Simple is not the same as cheap, though. (And when simple is expensive we call it, “clean.” )
Floating on black is pretty much matting to me. Paper with a deckled edge is often served well by floating it rather than the straight line of a cut mat. However, I’ve had many clients insist on a float when it’s not necessary and far too often when only two or three edges have a deckle. That looks awful.
We’re actually considering the cheap tree piece that I linked to. It would fit a space over our bed, which is a tall four-poster so it’s visually framed by the bed posts already anyway. The walls are painted somewhere between avocado and mint green, with sort of a forest theme (the lamps are forged iron vines). We currently have a framed and matted print of bright orange fall leaves there. I loved it when we bought it a few years ago but now it’s a little old and I just don’t see it anymore. Part of the problem (with our whole house) is that we don’t have the right light to set off artwork, so things that look beautiful in an art store just look muddy and overlook-able when we bring them home. The orange fall leaves have a pale green mat that sort of ties it into the room, and while the frame and mat look good, I think they really detract from the print. But also the non-glare plexiglass also seems to mute the colors of the print.
I also hate glass in frames. They either hide the print behind glare or they make it look muddy. It’s possible I need to live in an art shop to be really happy.
Ugh, stay away from non-glare glass or plexi. You actually get more glare, and if you have a double or triple mat things get really hazy. Again, stay away. If you have the budget, Museum Glass and Optium are virtually reflection-free. It’ll probably be on display at a frame shop. Look for the little box frame on the counter that seems to be only half-covered by glass.
24x36 is pretty large already, and the colors don’t appear to need any help, so a mat isn’t necessary. Getting the wood mount would be a good option. I have a few like that and they look good, especially if the coating is fairly glossy (this makes it easier to keep clean, too).
If you do frame it, try to match the style and/or color of your bed posts. It otherwise sounds like it fits pretty well with the decor.
This is an unusual piece by Sarah Brayer. The scene is a street somewhere in a Japanese village, where it’s snowing. The print is attached to the back of a larger piece of handmade white paper that gives the impression of a cloud, in that the edges are not defined. Somewhat similar to this piece by her, but not so rectangular.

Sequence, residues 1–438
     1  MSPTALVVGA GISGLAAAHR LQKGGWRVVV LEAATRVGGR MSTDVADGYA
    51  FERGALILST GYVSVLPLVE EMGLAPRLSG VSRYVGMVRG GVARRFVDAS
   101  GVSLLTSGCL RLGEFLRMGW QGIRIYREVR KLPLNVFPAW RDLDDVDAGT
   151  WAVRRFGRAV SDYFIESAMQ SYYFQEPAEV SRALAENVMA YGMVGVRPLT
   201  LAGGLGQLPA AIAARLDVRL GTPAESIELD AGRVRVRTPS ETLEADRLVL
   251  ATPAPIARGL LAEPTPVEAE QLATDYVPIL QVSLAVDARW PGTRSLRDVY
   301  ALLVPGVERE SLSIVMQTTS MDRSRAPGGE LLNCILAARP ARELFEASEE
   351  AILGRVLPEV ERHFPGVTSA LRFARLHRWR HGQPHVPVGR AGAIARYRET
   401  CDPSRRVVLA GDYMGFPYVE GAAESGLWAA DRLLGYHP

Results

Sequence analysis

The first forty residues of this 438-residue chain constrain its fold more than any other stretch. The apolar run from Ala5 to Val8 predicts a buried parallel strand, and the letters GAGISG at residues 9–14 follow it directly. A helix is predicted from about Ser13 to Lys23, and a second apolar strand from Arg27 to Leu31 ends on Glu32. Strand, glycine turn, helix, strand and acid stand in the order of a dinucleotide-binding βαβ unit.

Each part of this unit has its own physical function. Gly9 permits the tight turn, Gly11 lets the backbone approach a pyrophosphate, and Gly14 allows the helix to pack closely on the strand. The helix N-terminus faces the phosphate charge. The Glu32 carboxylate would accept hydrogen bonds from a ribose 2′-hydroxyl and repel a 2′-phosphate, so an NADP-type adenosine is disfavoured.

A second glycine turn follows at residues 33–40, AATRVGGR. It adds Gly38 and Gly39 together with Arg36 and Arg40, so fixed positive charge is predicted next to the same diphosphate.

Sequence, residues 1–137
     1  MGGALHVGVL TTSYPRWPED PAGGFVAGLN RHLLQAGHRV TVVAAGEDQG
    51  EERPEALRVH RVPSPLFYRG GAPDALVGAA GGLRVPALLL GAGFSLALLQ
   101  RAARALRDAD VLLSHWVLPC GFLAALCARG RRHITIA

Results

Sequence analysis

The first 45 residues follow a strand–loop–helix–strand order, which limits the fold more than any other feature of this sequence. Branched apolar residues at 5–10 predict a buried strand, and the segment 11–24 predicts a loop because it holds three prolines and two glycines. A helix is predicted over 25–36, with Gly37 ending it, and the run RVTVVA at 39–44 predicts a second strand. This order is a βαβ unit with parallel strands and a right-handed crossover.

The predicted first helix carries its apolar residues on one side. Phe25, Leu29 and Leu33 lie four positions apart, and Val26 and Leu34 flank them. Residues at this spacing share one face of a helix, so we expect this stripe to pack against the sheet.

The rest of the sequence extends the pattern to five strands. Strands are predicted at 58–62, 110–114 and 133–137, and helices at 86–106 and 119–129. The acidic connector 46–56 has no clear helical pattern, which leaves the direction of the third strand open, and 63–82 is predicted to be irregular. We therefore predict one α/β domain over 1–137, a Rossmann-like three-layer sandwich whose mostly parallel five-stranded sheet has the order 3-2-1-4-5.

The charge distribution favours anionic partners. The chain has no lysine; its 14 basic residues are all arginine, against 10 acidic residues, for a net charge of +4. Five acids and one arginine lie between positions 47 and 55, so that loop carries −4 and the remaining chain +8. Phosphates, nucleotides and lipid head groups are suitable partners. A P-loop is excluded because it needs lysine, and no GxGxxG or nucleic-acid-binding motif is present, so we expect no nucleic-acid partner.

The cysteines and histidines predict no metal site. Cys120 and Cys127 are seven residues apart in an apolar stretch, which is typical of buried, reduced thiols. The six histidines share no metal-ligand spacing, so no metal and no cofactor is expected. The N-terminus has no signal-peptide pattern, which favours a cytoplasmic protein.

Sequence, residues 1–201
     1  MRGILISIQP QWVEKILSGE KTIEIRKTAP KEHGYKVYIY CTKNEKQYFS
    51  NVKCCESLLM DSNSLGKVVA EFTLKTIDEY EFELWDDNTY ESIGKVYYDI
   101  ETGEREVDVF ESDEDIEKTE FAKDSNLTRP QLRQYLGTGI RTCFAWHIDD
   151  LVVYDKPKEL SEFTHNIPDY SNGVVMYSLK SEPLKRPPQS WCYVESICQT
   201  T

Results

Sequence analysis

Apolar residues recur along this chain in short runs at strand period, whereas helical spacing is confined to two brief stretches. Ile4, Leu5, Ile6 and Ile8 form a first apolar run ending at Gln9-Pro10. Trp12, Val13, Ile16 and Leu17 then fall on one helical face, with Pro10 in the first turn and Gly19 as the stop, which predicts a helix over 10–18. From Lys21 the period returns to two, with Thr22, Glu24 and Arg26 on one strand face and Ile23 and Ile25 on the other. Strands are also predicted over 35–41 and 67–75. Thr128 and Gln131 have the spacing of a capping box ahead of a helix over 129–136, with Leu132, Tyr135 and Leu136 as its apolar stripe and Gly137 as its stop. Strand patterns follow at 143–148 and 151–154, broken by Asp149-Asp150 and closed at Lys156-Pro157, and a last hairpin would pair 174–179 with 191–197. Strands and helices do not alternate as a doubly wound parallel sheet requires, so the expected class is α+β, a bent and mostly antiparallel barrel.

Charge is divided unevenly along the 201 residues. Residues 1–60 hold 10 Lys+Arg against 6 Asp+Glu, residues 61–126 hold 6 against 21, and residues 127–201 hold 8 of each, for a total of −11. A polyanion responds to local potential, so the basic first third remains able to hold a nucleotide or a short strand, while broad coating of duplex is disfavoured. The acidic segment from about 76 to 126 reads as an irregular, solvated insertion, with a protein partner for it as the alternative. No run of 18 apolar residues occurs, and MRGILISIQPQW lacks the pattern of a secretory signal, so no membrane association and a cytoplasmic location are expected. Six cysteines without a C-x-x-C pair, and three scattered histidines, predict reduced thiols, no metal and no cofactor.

Thanks! (And to everyone who replied.) I really like the wood mounting for this, too.
Can I ask another artsy “please educate me” question that’s only slightly tangential to this? If you decorate a room with a theme, how do you know where to stop so that the theme doesn’t hit you over the head? Or is a theme a bad idea to begin with? Basically I grew up in a working poor family where the furniture was mismatched hand-me-downs and the only wall art was family photos. Now that I’m a grown up I buy matching furniture and other art besides family photos. When we remodelled our bathroom, we had a lovely soaker tub and the room looked nicely spa-like so I bought an inexpensive print of this, about 24x48, put it into a simple frame and hung it over the tub. It looks amazing, so I carried the nude female theme around the room with a few more framed prints until I suddenly realized I had probably one or two too many nude females on the walls!
So I wonder if I’m in danger of doing that again with the forest theme in the bedroom?
Dr. Cube–those examples you showed all seemed to have even proportions on all four sides of the mat. Ew. When I dabbled in graphic arts years ago, it was highly emphasized to have the bottom part of the mat be larger than the sides and top–for most works. I forget the proportions (3:4?), but I’m sure I’ve still got it notated on one of my steel rulers. I tend to agree with that aesthetic sentiment even now.
Yes, the example with the mat that was 8x the size of the artwork looked pretty stupid. But I could envision a similar scenario that would look ok with the right artwork.
Here’s a neat page about matting. If you want to see what I was talking about above re: making the bottom bigger, see the part about “bottom-weighting.”
P.S. garygnu, hats off to you. I hate(d) mounting, matting, and framing. So, I have a closetful of things I still might like to put on my walls (some of which I didn’t create, too!) but is languishing (well, wrinkling and delaminating onto each other) because I so despise doing your job, and it’s way too expensive to outsource.
Wanna come over and help? I’m a pretty good cook and cocktail-crafter…